Biochemistry and Nutrition-Upcoming Seminar

Thursday, January 5th 2017


Do more with less: Industrial food waste valorization

Yigal Achmon


Food, agriculture, and the environment are intricately connected. In order to sustain a world with a population of 9 billion people by 2050, agriculture and food processing will have to maximize resource utilization. As such, food waste can be utilized either as a soil amendment to enhance sustainable agricultural advantages, or as a sustainable energy source. There is an ongoing effort to reduce the use of hazardous chemicals in soil pest management, and to use instead agricultural waste amendment is one possible solution to the problem. One of the environmentally-friendly processes is anaerobic soil disinfestation (ASD), that when coupled with passive solar heating, is also known as biosolarization. We have used industrial tomato processing waste, which is a common waste stream in California, in a bio-solarized application. By combining laboratory studies with field trials we were able to elucidate the complex biological system of biosolarization. The results showed that our laboratory system that simulates biosolarization, can predict the soil microbial behavior in the field. The laboratory results were later translated into field trials that showed the ability of biosolarization to control pests in a fast and environmental friendly procedure. Using the Next Generation Sequencing (NGS) tool, we were also able to illuminate the complex soil microbial ecology taking place during the biosolarization process. Finally, we have examined for the first time the impact of biosolarization on plant physiology in a way that showed stress reaction trends. This study will be helpful for future implementations of this important sustainable agricultural and waste management technique.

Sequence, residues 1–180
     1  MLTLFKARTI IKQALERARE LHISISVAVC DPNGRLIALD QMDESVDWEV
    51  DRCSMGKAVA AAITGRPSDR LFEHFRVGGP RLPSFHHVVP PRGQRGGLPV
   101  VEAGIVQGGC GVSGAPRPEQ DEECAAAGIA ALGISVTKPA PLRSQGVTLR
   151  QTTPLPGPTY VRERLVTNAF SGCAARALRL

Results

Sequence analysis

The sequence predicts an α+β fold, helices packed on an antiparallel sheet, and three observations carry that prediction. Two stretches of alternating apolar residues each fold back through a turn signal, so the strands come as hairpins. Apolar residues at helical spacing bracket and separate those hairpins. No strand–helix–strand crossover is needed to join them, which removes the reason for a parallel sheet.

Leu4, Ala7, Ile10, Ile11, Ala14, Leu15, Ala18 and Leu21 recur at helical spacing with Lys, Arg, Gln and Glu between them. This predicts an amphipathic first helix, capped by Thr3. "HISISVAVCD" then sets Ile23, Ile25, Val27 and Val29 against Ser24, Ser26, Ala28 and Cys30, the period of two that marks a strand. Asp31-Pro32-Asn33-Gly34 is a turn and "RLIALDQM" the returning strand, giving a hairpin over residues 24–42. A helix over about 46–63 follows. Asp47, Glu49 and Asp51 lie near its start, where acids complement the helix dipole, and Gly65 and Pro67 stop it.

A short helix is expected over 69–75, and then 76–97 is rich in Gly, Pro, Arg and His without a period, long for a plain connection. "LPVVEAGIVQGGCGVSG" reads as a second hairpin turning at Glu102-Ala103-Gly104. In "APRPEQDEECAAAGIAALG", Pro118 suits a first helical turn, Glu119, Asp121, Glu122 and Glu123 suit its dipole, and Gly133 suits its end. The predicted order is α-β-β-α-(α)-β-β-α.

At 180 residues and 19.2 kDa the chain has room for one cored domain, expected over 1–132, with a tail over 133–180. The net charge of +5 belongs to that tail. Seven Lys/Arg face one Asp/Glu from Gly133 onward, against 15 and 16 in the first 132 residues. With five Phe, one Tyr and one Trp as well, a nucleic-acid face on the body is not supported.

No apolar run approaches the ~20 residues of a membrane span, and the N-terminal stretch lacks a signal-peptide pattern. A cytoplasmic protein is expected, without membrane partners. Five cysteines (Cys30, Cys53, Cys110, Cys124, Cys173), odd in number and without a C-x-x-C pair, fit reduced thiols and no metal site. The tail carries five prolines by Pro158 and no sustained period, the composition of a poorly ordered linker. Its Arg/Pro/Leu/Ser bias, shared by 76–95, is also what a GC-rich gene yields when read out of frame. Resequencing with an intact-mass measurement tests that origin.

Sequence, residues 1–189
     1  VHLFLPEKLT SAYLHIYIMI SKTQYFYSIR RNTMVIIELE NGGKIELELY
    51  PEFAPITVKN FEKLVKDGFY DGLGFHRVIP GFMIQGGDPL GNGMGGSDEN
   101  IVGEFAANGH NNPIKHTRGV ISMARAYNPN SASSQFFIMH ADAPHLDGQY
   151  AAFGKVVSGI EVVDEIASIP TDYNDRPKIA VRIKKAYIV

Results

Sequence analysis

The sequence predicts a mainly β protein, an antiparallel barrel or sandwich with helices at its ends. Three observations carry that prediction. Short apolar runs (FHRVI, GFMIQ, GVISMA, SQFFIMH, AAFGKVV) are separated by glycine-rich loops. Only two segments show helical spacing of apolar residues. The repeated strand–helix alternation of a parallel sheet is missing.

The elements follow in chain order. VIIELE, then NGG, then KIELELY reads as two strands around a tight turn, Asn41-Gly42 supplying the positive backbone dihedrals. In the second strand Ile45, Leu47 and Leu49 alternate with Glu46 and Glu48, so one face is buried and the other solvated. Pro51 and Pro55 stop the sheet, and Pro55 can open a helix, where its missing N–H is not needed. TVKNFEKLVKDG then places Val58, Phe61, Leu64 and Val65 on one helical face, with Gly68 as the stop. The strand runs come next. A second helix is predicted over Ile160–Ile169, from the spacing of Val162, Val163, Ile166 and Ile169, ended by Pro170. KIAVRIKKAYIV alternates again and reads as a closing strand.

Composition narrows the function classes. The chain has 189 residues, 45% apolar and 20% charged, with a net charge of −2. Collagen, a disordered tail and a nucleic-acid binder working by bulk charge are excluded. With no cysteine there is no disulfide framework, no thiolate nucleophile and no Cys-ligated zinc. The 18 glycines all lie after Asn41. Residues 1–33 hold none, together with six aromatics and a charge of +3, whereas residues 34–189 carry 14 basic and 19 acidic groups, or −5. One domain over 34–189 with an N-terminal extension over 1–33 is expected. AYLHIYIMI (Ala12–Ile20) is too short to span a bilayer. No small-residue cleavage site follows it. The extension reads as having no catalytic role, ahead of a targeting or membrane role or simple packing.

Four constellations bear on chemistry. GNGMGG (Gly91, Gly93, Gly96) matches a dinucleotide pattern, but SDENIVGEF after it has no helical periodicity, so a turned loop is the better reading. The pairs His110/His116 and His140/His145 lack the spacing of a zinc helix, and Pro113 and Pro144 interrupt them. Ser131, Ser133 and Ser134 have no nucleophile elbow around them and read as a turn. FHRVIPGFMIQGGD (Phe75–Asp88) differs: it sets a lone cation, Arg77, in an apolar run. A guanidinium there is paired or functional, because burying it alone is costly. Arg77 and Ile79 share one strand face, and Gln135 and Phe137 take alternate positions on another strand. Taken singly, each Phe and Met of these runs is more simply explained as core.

In addition to the biosolarization study we have also tested the ability to use high solids anaerobic digestion by utilizing solids loading rates greater than 10% to reduce water demand. This project explored the technical feasibility of using high solids anaerobic digestion (30% solids) with tomato and grape pomace feedstocks. The results of the project showed the ability to produce high amounts of methane with lower environmental footprints. We also elucidated the microbial community ecology behind the high solid anaerobic digestion by using NGS.

The two projects will help to open new sustainable venues for future industrial food waste valorization.